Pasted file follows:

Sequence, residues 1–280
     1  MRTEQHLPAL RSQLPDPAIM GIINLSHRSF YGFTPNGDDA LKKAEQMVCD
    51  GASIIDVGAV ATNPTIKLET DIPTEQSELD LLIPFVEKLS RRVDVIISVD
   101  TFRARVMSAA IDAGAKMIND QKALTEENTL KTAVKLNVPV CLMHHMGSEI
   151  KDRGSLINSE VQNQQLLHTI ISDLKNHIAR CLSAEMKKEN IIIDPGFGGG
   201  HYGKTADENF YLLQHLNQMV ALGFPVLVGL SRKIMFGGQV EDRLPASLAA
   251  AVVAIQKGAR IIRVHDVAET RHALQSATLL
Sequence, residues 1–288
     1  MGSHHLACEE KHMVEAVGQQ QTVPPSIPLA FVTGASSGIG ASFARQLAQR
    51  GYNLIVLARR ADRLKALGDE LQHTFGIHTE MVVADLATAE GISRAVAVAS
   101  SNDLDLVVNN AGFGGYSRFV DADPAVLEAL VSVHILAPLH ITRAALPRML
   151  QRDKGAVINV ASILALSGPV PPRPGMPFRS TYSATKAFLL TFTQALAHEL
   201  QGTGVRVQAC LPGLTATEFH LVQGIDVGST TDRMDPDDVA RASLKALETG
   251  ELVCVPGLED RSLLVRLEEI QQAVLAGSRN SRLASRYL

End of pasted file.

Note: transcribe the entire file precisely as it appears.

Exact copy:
Sequence, residues 1–280
     1  MRTEQHLPAL RSQLPDPAIM GIINLSHRSF YGFTPNGDDA LKKAEQMVCD
    51  GASIIDVGAV ATNPTIKLET DIPTEQSELD LLIPFVEKLS RRVDVIISVD
   101  TFRARVMSAA IDAGAKMIND QKALTEENTL KTAVKLNVPV CLMHHMGSEI
   151  KDRGSLINSE VQNQQLLHTI ISDLKNHIAR CLSAEMKKEN IIIDPGFGGG
   201  HYGKTADENF YLLQHLNQMV ALGFPVLVGL SRKIMFGGQV EDRLPASLAA
   251  AVVAIQKGAR IIRVHDVAET RHALQSATLL
Sequence, residues 1–288
     1  MGSHHLACEE KHMVEAVGQQ QTVPPSIPLA FVTGASSGIG ASFARQLAQR
    51  GYNLIVLARR ADRLKALGDE LQHTFGIHTE MVVADLATAE GISRAVAVAS
   101  SNDLDLVVNN AGFGGYSRFV DADPAVLEAL VSVHILAPLH ITRAALPRML
   151  QRDKGAVINV ASILALSGPV PPRPGMPFRS TYSATKAFLL TFTQALAHEL
   201  QGTGVRVQAC LPGLTATEFH LVQGIDVGST TDRMDPDDVA RASLKALETG
   251  ELVCVPGLED RSLLVRLEEI QQAVLAGSRN SRLASRYL